Elephants can help us about fighting cancer

why-elephants-rarely-get-cancer

Are you trying to find out as much animal facts as possible or pave the way to help human fighting against cancer but can’t? This elephant facts will be helpful suggestion for you: Elephants can help us about fighting cancer in humans

It turns out just 4.8% of known elephant deaths are related to cancer. For humans, cancer-related deaths are between 11% and 25%, scientists say.

If the cancer-removal efficiency is independent of the size of the animal (let’s say 99.9999%) then a fixed proportion (one in a million in our example) of all cancer cells will proceed to become noticeable cancers. If one in a billion cells turns cancerous (or has a cancerous offspring) each year, then the number of cancers arising each year will be one per million billion cells (ie one in 10^15). Since there are between 10^13 and 10^14 cells in the human body the chance of cancer is a bit more than one in a hundred years but less than one in ten years – which seems about right. (Of course I just picked the numbers to make it come out like that.)

But for an elephant, which is about 4 or 5 times the linear “size” of a human the volume, and so the number of cells, is greater by the cube of that factor, ie about 100 times greater. So over a comparable lifetime it should end up with 100 times as many cancers in its body. If cancers were all of limited size then none of them might be fatal, but of course the bad ones are exactly the opposite of “limited”, and once they get off to a good start they are certain to be eventually fatal. In the elephant (IF the defense mechanism was only as effective as ours) the first such cancer would be quite likely to occur in the first year of life.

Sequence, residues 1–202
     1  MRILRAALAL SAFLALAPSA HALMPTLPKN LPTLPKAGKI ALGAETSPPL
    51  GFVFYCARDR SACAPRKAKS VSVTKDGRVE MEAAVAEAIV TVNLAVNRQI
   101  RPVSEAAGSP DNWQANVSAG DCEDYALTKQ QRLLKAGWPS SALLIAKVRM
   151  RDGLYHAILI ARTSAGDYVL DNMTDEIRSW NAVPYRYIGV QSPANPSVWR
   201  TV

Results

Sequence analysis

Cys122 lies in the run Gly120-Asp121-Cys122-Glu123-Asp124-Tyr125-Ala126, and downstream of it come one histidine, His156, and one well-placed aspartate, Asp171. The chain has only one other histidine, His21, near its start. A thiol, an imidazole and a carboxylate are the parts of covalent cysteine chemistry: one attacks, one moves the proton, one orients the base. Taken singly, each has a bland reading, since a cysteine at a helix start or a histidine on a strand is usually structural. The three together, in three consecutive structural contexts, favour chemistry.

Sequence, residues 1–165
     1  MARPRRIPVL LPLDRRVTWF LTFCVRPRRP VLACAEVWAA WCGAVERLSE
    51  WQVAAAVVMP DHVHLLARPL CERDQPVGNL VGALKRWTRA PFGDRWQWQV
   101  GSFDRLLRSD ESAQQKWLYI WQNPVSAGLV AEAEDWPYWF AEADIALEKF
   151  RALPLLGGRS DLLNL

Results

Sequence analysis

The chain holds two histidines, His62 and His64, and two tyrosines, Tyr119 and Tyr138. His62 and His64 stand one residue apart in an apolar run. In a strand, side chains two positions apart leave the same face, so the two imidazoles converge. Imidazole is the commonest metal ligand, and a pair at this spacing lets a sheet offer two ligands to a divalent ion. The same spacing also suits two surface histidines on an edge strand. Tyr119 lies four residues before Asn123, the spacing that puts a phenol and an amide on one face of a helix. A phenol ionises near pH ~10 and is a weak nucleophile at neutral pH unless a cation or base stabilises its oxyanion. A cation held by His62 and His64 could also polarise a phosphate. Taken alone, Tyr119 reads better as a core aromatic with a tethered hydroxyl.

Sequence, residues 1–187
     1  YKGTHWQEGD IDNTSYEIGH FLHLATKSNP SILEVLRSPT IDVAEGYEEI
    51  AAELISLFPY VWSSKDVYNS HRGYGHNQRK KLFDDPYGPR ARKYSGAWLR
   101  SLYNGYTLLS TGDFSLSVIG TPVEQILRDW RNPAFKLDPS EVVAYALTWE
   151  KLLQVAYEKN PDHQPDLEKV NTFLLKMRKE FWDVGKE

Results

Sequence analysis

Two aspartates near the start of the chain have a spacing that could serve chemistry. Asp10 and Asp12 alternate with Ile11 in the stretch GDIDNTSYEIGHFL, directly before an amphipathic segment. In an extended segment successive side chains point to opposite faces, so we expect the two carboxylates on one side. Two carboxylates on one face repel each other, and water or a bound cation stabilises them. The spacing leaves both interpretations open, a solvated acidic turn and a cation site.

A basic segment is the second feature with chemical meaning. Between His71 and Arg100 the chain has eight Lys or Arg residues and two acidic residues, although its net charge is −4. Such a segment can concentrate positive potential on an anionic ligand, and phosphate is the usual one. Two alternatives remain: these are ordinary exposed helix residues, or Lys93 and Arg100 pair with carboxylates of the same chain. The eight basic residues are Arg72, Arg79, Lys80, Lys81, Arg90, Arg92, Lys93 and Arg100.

If the cancer grew at the same rate as the animal then the elephant might just end up at the end of 20 years with 20 or so small cancers in its body, but here is where “exponential” growth really does come in. An aggressive cancer grows by doubling its size over approximately equal intervals and so grows exponentially fast, whereas the hosting body typically stops growing at maturity. So even a small cancer acquired in the first year of life would kill the elephant quite quickly.

For more animal: tiger facts

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